Disabled may need to wait longer for jabs

·1-min read

Disabled Australians living in group homes may need to wait for aged care residents to be fully vaccinated before receiving their first dose.

Several large disability service providers are concerned many of their clients have not received a coronavirus vaccine, despite being included in the highest priority group of the national rollout.

Prime Minister Scott Morrison said the vaccine rollout in disability care was being completed as quickly as possible.

"We're about halfway through those residential groups and will be having in-reach services, particularly once we've been able to get two doses to every aged care facility across the country," he told ABC radio.

"They're a highly disparate group amongst the community. They're in a lot of different places and are largely in small groups in these facilities."

Mr Morrison said it was not a simple exercise.

"It really is quite a painstaking exercise."

The prime minister was concerned the virus would sweep through vulnerable disabled and Indigenous communities.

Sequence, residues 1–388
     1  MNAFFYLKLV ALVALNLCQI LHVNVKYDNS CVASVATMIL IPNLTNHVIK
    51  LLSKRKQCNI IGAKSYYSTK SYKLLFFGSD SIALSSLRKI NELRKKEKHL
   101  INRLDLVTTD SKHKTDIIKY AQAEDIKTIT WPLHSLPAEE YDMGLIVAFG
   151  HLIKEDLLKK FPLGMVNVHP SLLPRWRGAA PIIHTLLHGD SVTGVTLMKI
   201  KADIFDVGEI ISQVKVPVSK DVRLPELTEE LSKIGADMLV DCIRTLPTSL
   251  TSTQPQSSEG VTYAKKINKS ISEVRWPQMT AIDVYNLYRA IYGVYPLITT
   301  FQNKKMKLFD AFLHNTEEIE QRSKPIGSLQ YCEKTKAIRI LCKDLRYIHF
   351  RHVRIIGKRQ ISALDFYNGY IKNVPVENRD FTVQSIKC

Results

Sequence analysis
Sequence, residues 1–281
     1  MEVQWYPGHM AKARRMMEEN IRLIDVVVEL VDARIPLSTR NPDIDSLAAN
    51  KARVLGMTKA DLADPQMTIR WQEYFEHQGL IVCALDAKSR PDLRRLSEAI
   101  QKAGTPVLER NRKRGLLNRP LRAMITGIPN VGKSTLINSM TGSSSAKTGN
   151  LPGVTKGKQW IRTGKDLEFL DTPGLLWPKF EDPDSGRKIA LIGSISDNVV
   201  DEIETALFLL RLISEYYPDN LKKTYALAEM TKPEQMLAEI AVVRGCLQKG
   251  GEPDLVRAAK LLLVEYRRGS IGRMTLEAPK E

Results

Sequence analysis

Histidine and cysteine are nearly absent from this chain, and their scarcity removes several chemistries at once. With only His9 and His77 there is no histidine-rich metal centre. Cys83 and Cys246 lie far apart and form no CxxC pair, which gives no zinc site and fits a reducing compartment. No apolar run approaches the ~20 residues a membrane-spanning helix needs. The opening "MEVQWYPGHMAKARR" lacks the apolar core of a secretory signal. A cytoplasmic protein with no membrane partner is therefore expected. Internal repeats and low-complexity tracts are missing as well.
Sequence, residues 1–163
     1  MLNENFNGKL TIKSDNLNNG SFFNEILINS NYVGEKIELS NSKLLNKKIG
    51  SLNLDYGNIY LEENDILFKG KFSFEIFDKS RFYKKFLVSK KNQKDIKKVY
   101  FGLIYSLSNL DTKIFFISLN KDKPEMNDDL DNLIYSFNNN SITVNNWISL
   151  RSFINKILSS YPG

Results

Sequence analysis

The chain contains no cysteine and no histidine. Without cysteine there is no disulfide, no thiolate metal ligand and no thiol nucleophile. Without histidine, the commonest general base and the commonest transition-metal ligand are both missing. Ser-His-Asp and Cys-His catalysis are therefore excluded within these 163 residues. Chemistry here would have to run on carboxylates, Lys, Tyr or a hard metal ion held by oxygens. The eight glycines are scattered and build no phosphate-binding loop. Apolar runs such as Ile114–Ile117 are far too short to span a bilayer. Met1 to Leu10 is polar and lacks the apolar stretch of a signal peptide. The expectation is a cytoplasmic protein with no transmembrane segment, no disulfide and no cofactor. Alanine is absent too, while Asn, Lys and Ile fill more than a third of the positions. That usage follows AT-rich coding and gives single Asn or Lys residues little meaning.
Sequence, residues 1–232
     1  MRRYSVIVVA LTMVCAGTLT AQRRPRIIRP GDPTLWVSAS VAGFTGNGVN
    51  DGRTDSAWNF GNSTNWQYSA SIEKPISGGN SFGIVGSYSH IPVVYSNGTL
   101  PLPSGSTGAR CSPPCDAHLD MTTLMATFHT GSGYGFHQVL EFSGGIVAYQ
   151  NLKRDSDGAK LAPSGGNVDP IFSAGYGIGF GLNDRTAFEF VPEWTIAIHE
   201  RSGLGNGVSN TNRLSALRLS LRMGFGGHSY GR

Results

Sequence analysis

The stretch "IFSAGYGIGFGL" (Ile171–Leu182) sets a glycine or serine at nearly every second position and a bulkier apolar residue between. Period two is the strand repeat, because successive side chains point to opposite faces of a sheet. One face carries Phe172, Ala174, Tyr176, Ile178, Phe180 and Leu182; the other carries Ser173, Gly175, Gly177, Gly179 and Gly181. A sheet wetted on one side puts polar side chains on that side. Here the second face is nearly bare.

"We haven't seen the COVID virus impact those communities like we feared," Mr Morrison said.

"That is a great tribute to all the health workers and all those who work in those sectors."

Coronavirus vaccines are not yet compulsory for workers in disability care.

But if vaccination rates do not improve by August, a national panel of medical experts will consider making it mandatory in high-risk settings.

Disability workers may be required to receive their first dose by October 31 in order to keep their jobs.

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